I am getting social media swamped. But there is one trend that I am sure that I am not alone in is the in your face nature that LinkedIn has become since going public. I have been a member of Linkedin for a long time, and it has been a good place to collect my professional connections. But, it is not a place that I go to daily, weekly, or even once a month. The truth is that for me it is not a major motivator in my professional career. But lately, the noise from LinkedIn has become intolerable. I blame the pressures of becoming a public company and the incessant drive to derive money from its users. But, come on…
First, as a user, and in my past searches for new positions, I have never once thought to look to LinkedIn. I know that there are job postings there, and that some people are successful in using it to hunt for jobs, but, truth be told I rely on my reputation, and the relationships I have with a few select recruiters who I have worked with in the past (on both sides, as a candidate and to seek a candidate). LinkedIn has disrupted this, but, to me, not for the better. I get a lot of queries for positions that it should be clear to a 3rd grade level reader that I am not really suitable for, or that my qualifications don’t fit. It is almost like it has made recruiters stupid, and turned them into spamming telemarketers. I have stopped responding to the most ludicrous ones.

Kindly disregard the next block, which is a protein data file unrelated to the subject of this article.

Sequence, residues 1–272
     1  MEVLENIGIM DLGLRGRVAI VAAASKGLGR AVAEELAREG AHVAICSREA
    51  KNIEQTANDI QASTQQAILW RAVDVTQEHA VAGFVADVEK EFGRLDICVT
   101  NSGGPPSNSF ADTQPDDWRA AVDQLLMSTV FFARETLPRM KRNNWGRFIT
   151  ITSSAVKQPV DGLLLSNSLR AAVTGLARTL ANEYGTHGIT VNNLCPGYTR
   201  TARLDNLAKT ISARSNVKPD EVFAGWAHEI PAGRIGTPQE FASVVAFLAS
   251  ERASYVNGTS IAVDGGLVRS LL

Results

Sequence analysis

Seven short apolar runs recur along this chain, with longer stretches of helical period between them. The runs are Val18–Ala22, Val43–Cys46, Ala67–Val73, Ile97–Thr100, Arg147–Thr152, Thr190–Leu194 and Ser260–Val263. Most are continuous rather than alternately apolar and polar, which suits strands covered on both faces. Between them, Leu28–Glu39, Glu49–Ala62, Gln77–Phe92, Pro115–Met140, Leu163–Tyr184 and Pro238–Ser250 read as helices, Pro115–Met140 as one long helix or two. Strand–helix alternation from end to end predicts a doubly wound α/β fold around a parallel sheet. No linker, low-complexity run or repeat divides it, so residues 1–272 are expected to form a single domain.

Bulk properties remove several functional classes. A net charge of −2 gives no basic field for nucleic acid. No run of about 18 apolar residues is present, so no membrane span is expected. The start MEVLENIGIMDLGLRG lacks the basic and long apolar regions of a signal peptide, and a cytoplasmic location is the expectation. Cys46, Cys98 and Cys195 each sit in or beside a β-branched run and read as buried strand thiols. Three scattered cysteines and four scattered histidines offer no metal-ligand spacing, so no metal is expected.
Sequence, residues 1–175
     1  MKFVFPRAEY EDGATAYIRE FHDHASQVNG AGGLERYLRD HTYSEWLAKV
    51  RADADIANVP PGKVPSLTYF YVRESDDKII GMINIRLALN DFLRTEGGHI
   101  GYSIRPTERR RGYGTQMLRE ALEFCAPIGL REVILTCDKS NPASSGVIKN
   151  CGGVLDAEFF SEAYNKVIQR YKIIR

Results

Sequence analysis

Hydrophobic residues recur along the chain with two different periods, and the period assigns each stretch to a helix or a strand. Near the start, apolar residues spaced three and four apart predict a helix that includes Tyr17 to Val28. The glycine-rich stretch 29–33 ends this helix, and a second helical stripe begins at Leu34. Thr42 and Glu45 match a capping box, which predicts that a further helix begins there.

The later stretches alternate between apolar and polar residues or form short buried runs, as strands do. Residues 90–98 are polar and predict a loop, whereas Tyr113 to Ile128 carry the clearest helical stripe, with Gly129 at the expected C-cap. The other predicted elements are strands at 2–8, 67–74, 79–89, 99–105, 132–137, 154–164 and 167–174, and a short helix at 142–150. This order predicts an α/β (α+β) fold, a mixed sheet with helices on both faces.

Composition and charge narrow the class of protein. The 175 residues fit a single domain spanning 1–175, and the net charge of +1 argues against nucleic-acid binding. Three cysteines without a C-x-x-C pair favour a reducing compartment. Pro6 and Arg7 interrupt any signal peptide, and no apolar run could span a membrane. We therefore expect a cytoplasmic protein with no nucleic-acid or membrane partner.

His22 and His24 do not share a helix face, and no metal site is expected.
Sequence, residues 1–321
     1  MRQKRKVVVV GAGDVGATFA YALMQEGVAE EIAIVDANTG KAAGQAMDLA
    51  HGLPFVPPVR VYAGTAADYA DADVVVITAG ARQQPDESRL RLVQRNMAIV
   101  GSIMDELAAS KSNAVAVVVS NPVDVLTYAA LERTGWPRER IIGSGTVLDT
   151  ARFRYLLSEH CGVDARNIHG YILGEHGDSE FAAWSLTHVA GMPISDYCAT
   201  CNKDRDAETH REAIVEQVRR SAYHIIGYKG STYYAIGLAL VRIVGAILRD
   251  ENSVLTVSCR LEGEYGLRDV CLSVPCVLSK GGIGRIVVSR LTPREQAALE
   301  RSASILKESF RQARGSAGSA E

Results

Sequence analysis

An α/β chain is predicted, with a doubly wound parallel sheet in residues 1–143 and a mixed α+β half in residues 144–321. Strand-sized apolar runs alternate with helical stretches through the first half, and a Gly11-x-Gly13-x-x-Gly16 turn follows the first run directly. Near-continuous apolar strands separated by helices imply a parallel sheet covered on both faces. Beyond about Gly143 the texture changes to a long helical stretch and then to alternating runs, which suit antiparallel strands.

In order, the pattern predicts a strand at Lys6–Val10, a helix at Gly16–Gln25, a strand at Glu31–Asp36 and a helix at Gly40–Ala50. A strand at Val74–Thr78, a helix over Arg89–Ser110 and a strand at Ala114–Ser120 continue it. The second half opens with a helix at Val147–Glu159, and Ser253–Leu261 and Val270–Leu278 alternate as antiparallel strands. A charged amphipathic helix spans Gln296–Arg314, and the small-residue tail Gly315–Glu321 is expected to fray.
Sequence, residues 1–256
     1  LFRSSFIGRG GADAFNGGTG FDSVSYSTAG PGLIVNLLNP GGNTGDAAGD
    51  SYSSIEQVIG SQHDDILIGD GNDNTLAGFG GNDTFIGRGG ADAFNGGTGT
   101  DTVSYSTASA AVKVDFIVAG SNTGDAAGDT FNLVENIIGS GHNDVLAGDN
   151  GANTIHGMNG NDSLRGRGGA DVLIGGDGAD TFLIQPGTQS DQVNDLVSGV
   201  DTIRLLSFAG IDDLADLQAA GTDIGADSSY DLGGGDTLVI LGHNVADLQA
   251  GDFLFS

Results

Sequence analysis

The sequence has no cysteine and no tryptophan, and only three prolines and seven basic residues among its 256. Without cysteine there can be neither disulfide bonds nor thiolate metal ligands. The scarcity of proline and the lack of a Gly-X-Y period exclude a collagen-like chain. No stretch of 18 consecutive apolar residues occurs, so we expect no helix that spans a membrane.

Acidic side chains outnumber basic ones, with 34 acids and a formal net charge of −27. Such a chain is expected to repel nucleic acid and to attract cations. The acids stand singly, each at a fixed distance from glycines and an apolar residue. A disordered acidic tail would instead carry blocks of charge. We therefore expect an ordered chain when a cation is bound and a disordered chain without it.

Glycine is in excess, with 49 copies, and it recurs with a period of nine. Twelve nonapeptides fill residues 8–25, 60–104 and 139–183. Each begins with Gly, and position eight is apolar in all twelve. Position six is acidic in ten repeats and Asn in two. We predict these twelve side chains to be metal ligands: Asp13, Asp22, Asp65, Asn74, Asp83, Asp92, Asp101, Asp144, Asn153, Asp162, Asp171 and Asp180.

Second, what started as a nice idea, the “recommendations” feature has become rife with abuse. How often do you get a query from a past colleague seeking recommendations? You can decline, but most people just cave in and write one. Usually glowing with flowery praise for someone who is about as intelligent and worthy as a potted plant. When I do go hunting around, I often read the recommendations for former colleagues that I didn’t write, and I have seen a lot of lipstick applied to the proverbial pig. Yikes. I would never rely on the recommendations of a candidate that are on linked in. For the record. I have NEVER asked for a recommendation. The ones on my profile are genuine from people who wouldn’t pull punches.
Lastly, they have started this thing called “endorsements”. You see 4 of your connections with what seems like a match for their skills, and are asked to endorse them. I have received literally hundreds of them. The problem is that most of the people doing the endorsement wouldn’t know how good I am at “Product Management” or “Marketing”. My interactions with them were either for different reasons, or completely unrelated to what they have endorsed me for. Criminy, I got endorsed for “Microsoft Office”. Seriously, WTF is up with that?
Naturally, this is all to help them generate more page views, and more advertising, thus leading HR and Recruiters to continue to pony up for the access to this huge pool of talent. But to me, LinkedIn remains a fairly static view of me and my career. Regardless of how often they offer me a free month of “Premium” I will never take it, because to me there can’t be enough value for me to pay for it. Monetizing your “product” is important, but just like if Facebook started charging the users for the service, it would whither and die, so will LinkedIn. Continue to make it the professional network, but realize that some/many of your enhancements are making the service far less valuable for my time. There is nothing LinkedIn can do to get my visit frequency to daily.
(I originally wrote this for my professional blog, but thought I should share it here as well)